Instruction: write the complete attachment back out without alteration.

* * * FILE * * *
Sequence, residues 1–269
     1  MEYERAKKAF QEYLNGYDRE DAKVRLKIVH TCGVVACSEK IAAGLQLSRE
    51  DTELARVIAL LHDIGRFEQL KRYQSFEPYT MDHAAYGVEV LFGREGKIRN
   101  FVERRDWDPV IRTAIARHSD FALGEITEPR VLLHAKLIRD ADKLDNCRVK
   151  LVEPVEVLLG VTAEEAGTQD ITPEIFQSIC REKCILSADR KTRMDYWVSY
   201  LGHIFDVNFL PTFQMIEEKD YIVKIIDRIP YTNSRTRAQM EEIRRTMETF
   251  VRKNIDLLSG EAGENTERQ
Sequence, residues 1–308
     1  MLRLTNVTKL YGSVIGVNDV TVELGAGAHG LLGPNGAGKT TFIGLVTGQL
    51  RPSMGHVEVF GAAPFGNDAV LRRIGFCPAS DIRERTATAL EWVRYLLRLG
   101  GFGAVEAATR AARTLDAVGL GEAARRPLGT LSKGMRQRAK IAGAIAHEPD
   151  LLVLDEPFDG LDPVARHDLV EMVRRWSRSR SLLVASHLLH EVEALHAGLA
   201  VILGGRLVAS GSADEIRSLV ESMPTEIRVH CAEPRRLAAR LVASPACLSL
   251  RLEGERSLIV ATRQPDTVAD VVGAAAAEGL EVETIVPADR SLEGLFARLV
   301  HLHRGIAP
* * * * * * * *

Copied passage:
Sequence, residues 1–269
     1  MEYERAKKAF QEYLNGYDRE DAKVRLKIVH TCGVVACSEK IAAGLQLSRE
    51  DTELARVIAL LHDIGRFEQL KRYQSFEPYT MDHAAYGVEV LFGREGKIRN
   101  FVERRDWDPV IRTAIARHSD FALGEITEPR VLLHAKLIRD ADKLDNCRVK
   151  LVEPVEVLLG VTAEEAGTQD ITPEIFQSIC REKCILSADR KTRMDYWVSY
   201  LGHIFDVNFL PTFQMIEEKD YIVKIIDRIP YTNSRTRAQM EEIRRTMETF
   251  VRKNIDLLSG EAGENTERQ
Sequence, residues 1–308
     1  MLRLTNVTKL YGSVIGVNDV TVELGAGAHG LLGPNGAGKT TFIGLVTGQL
    51  RPSMGHVEVF GAAPFGNDAV LRRIGFCPAS DIRERTATAL EWVRYLLRLG
   101  GFGAVEAATR AARTLDAVGL GEAARRPLGT LSKGMRQRAK IAGAIAHEPD
   151  LLVLDEPFDG LDPVARHDLV EMVRRWSRSR SLLVASHLLH EVEALHAGLA
   201  VILGGRLVAS GSADEIRSLV ESMPTEIRVH CAEPRRLAAR LVASPACLSL
   251  RLEGERSLIV ATRQPDTVAD VVGAAAAEGL EVETIVPADR SLEGLFARLV
   301  HLHRGIAP